1. Let the teacher in advance read over the questions and answers of the lesson, note their relation to the story as told in |The Story of the Bible,| and to some extent fit the story to the lesson which is to be taught.
2. Tell the story (or stories) of the day's lesson to the children, following the plan given in the book. Use very simple words and avoid all that are in any sense technical, or above the mind of a child.
3. After telling the story for the day, the children may be divided into classes, and assistants may teach the questions and answers. But before the close of the session it would be well to ask all the questions, and have the answers given by the children.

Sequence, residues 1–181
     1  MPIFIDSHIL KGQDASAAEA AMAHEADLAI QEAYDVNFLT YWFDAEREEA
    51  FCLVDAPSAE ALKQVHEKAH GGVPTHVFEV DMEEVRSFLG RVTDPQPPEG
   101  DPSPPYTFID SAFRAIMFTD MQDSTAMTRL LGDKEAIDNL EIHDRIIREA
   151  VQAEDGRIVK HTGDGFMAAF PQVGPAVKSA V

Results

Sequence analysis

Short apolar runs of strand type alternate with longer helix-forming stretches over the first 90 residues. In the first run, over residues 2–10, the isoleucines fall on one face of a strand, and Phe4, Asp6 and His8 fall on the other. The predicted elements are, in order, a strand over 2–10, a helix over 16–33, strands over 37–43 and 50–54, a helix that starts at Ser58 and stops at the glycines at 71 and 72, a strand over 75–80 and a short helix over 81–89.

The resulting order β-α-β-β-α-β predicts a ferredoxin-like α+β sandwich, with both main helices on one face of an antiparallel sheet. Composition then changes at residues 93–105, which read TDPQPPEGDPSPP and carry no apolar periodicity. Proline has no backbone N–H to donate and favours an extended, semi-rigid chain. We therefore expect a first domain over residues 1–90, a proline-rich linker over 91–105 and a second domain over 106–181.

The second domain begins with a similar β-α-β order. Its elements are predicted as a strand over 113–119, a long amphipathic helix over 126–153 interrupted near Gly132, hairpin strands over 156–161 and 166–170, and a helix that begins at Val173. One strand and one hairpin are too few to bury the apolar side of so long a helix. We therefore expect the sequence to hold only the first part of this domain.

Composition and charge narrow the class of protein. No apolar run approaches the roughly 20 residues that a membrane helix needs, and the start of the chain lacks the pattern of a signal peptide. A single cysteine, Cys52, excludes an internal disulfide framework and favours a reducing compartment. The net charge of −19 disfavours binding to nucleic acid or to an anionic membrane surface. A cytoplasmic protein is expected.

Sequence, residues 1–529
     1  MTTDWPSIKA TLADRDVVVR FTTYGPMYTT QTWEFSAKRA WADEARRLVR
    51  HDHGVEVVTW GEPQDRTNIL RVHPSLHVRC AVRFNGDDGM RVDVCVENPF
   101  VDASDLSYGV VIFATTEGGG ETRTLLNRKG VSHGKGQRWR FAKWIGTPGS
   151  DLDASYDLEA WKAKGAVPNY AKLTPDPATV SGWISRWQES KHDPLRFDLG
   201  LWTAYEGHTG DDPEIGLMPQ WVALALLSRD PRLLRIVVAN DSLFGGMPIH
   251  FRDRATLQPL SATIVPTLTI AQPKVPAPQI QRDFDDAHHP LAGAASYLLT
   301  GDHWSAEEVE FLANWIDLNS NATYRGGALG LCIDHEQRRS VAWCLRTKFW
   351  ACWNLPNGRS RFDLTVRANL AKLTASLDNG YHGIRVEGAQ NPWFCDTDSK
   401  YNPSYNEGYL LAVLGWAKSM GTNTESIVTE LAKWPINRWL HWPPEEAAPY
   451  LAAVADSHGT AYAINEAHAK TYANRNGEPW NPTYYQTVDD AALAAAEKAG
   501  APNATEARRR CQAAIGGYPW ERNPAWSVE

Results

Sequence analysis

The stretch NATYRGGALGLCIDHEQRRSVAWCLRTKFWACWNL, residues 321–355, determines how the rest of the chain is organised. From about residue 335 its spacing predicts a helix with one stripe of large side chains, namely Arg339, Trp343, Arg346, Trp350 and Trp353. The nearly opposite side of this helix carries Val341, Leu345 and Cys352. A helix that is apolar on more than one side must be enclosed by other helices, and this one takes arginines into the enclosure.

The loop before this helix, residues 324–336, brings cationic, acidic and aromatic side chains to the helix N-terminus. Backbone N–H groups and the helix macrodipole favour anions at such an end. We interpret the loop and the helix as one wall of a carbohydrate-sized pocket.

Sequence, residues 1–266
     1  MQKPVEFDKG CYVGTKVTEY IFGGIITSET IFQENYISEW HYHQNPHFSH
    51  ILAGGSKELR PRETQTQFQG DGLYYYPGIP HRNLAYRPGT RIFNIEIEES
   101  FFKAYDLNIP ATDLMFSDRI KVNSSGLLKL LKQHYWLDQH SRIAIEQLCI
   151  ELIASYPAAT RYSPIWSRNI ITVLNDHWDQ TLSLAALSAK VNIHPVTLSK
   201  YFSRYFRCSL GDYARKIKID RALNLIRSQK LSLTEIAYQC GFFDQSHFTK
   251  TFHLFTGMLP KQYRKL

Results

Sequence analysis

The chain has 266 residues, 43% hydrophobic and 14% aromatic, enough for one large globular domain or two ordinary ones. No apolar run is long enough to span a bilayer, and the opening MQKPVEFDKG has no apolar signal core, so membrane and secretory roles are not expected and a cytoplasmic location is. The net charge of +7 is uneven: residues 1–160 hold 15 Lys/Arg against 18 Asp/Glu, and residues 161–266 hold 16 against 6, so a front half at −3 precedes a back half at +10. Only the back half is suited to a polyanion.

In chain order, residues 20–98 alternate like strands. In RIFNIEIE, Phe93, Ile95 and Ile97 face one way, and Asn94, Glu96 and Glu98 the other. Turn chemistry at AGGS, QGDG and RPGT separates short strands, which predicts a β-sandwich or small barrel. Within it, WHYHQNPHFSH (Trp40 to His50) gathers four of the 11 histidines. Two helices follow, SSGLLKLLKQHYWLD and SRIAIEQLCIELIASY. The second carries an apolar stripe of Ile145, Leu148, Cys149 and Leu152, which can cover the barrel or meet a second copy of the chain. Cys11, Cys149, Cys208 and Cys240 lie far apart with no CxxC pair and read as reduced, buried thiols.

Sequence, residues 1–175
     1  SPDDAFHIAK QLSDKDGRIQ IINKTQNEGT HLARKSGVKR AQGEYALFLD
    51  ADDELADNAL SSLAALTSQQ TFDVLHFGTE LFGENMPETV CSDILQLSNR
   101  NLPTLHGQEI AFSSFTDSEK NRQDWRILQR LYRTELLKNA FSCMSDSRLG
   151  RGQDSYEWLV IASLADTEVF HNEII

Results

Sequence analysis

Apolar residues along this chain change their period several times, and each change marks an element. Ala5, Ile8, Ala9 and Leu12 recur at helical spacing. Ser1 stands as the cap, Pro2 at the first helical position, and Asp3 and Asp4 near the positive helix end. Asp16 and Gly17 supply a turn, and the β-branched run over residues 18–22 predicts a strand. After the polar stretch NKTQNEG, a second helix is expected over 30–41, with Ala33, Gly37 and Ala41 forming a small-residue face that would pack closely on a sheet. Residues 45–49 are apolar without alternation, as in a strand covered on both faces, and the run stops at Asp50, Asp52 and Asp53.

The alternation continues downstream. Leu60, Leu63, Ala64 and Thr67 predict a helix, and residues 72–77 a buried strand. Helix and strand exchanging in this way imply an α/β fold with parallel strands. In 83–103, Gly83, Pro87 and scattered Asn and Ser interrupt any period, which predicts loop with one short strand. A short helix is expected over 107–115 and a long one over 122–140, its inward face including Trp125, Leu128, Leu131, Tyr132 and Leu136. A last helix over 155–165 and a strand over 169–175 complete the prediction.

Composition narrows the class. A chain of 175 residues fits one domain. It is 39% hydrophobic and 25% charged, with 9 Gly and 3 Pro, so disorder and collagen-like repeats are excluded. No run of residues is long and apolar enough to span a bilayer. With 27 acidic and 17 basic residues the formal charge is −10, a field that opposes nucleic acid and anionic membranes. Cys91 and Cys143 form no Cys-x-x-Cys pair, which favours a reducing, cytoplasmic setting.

4. In order to complete each course, in the Old Testament and in the New, within a year, it may be necessary to omit some of the lessons, where classes take a vacation in the summer. To complete the course of each year in such classes the Reviews at the end of each series of lessons might be omitted, although they will be valuable as summaries of the important facts of the lesson. Some teachers might prefer to omit from the Old Testament lessons, some of the following in order to complete the course in a year. Lesson XXVIII David and Absalom; XXX The Temple; XXXVI Elisha and Jonah; XXXVIII, XXXIX The Kings of Judah; XLIV Queen Esther. These are suggested for omission not because they are unimportant or uninteresting, but in case some lessons must be omitted. In order to complete the course in one year in the New Testament lessons, the following might be omitted, if some must be. XVI The Mothers Prayer; XX The Good Shepherd; XXIII Jesus and the Children; XXVI, XXVII The Last Teachings.